Let’s see how to optimize the use of Pivot…

Pivot in a Nutshell

OK. The first thing we need to do is get you a Login.

While you can use Pivot without logging in from any UCI networked computer (including through VPN), custom functions require a login.

 

Step 1

Go to https://pivot.proquest.com/

Click the “Sign Up” link, located in the upper right hand of the page.

Step 2

Fill out the required information to create your account. Use your UCI email address for the “” field.  Your password does not need to match that of your UCInetID.

Once this is done you will receive a confirmation email. Click the link to confirm your account and then you’ll be able to access the full features of Pivot, including claiming your Pivot-generated profile (if one exists).   We’re not going to cover profiles here, but we encourage you to check out this video tutorial on how to claim your profile and this one on how to update your profileThis video playlist also covers how to search and navigate the Profiles area of Pivot.

Step 3

We recommend not using the basic search box, but instead skipping ahead to Advanced search.  Basic search tends to return rather broad results.

Advanced search may appear a bit intimidating, and it really does have a lot of options to help refine your search, but the following recommendations should simplify things for your first go at it.

Step 4

Advanced Search is divided into two major sections “Find Opportunities matching” (i.e. “Include”), which is the top section and “Exclude Opportunities matching,” which is the bottom section.

  • Under the top section, ignore the first group of fields and skip down to “Amount.” This is optional, but if you’re looking for a certain funding level, enter your minimum threshold here.
  • Next Enter “United States” under “Activity Location” and check the box labeled “Sub-entities.”  You may also wish to check the boxes labeled “Unrestricted,”  and “Unspecified” which will include opportunities that don’t specify or enforce an activity  location.
  • The next part is the real engine of this search technique: Keywords.  Pivot has a library of keywords you can explore under “browse” (found to the right of the form field).  We recommend browsing this keyword library to familiarize yourself with how Pivot groups key terms.  Enter/select the keywords most relevant to your research.  You may check the box labeled “Explode” if you want Pivot to search subsets of your selected search terms.  This is on by default.  For finer results, uncheck this box.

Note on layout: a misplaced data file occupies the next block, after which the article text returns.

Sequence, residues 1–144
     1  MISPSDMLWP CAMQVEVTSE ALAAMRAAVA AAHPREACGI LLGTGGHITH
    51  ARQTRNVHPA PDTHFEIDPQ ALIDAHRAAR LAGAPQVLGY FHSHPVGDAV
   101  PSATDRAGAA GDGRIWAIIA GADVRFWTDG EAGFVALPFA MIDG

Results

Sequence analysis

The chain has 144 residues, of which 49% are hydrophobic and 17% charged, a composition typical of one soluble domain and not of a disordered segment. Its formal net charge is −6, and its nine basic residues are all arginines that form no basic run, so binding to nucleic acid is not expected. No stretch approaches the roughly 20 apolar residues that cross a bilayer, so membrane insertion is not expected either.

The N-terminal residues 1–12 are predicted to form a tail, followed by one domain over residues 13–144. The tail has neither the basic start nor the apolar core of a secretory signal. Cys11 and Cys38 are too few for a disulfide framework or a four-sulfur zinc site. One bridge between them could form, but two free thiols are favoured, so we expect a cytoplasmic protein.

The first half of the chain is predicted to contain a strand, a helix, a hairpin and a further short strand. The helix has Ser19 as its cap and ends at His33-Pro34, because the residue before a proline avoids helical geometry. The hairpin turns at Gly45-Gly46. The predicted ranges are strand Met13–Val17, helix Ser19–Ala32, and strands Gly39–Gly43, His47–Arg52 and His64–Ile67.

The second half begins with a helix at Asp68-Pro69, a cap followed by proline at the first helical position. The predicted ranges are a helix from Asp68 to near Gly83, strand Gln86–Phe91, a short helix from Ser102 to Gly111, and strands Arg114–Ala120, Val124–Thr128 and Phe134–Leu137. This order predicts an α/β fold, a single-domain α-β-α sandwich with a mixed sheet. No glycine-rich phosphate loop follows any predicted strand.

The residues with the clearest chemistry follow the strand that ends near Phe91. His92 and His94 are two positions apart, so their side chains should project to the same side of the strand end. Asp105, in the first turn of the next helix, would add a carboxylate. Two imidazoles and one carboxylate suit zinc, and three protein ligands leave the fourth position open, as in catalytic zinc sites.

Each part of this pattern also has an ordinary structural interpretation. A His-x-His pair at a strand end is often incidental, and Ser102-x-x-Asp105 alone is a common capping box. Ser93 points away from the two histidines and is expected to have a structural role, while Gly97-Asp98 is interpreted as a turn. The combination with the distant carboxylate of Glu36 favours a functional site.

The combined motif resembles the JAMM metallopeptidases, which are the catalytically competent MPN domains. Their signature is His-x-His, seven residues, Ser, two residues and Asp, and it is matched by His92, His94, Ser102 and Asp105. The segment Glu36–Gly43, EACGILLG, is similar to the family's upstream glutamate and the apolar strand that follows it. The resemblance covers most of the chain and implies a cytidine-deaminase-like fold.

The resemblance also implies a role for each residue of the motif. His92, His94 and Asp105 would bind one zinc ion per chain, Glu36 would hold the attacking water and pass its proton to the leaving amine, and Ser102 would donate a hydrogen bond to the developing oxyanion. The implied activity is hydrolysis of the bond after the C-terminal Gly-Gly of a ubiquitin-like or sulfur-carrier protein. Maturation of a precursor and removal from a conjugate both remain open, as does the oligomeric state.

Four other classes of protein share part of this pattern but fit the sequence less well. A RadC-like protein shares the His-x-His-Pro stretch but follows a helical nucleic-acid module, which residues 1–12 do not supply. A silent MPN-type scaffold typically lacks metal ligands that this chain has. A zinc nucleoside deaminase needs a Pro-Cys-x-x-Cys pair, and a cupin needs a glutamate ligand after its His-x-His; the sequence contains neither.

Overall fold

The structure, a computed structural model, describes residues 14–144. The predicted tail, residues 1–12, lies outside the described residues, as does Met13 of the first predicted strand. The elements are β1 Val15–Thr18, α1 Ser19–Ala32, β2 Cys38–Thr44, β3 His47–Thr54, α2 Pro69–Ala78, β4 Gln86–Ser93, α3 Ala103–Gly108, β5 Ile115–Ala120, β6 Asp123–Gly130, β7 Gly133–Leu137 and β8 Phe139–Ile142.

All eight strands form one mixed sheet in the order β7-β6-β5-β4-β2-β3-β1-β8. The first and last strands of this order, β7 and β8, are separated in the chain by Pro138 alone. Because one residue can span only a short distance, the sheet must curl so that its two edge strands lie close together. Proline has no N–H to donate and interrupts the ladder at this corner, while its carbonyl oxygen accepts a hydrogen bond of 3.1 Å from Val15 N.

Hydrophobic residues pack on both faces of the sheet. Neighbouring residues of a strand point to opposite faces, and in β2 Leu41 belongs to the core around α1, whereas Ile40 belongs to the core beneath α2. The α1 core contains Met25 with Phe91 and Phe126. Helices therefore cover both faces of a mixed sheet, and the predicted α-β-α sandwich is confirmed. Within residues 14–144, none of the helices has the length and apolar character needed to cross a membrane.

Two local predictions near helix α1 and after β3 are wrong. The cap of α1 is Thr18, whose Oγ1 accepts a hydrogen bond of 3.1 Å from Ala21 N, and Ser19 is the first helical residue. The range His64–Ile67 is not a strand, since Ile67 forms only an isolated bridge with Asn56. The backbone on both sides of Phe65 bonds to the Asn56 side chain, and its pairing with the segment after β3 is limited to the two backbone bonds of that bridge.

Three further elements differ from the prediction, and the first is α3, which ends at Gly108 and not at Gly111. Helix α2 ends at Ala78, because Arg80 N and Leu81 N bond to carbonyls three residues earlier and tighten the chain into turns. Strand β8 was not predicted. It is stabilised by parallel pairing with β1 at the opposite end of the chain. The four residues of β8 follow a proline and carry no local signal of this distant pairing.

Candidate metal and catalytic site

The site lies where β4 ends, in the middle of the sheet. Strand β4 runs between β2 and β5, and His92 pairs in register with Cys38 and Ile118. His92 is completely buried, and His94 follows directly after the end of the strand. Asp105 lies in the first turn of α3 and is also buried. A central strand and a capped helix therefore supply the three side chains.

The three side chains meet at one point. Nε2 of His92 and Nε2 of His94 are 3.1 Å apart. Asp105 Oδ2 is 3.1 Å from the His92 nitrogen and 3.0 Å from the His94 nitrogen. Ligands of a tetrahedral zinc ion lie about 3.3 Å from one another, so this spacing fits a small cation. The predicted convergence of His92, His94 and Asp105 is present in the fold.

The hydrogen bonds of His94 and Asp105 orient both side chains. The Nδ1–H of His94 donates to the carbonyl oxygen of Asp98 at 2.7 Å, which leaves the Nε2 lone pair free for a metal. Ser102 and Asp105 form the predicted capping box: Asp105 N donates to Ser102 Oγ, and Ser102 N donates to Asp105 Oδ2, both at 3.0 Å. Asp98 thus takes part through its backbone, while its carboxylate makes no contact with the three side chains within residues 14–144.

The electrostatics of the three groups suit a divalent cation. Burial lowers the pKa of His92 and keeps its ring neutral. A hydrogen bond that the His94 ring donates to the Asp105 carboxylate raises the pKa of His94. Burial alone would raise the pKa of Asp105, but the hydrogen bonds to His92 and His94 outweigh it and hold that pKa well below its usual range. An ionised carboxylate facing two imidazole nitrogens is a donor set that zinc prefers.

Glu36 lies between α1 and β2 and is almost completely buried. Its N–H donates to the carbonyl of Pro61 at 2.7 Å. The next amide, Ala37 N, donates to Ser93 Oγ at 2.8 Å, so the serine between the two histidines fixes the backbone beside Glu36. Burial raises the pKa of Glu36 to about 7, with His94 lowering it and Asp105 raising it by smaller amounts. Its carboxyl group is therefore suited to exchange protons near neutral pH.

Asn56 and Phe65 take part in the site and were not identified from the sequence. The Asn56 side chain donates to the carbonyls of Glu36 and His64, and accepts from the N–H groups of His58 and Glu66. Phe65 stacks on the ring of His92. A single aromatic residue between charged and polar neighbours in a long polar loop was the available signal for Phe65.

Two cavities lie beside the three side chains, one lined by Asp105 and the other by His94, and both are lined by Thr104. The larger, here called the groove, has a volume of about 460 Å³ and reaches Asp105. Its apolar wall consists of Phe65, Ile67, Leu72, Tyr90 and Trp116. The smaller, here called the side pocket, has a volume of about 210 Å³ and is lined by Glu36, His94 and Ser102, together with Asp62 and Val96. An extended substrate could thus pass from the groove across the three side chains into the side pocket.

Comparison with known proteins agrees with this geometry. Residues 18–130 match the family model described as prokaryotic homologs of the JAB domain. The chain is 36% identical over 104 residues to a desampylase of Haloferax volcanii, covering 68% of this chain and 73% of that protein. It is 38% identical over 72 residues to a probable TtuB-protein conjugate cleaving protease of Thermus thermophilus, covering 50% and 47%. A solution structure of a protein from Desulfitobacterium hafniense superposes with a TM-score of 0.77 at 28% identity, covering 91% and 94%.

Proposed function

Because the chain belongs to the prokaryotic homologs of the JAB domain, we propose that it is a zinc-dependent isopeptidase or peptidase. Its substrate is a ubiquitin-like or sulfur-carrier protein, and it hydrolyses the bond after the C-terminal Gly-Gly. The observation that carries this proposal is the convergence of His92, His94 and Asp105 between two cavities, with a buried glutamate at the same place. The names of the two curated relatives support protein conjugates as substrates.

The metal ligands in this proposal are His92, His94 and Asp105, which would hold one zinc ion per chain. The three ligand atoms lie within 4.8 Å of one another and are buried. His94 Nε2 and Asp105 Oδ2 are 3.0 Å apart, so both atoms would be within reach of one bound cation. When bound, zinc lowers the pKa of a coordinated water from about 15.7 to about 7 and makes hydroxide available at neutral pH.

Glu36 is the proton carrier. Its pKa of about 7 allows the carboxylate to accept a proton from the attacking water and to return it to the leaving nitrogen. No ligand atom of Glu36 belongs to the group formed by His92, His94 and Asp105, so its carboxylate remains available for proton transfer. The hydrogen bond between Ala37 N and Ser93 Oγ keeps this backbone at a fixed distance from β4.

• Finally select from a list of 9 Sponsor Types.  You could select them all, but the 3 major categories would be: “Federal, U.S.,” “Private Foundation” and “Other Nonprofit.”

Step 5

Under the “Exclude Opportunities matching” section, we’ve found that it’s useful to exclude all continents aside from North America.  Select the 6 continents from the drop-down list, and check the sub-entities box as well to exclude.

Step 6

Now that you have your search results, you can preview them quickly using the magnifying glass icon, or click on each opportunity title for more detail.  If the search results are too, broad just click “Refine search” and narrow the results by excluding more activity areas or narrowing the keyword search.

Last Step!

Save and name your search query for easy retrieval later.  You could also opt in to receive a weekly email (sent Sunday evenings) that includes updated results from your query.

Hand Selected Video Tutorials

We spent hours on YouTube—mostly because we were distracted by cat videos—to find the following Pivot instructional videos.  There are many on the ProQuest Pivot YouTube Channel but these few are our recommended picks:

Navigating Search Results

Setting Up Funding Alerts

Claiming Your Pivot Profile

Updating Your Pivot Profile

Your Pivot Home Page: Advisor

Need additional help with funding searches?  You can Ask Beth, or  contact a Research Development professional in your area.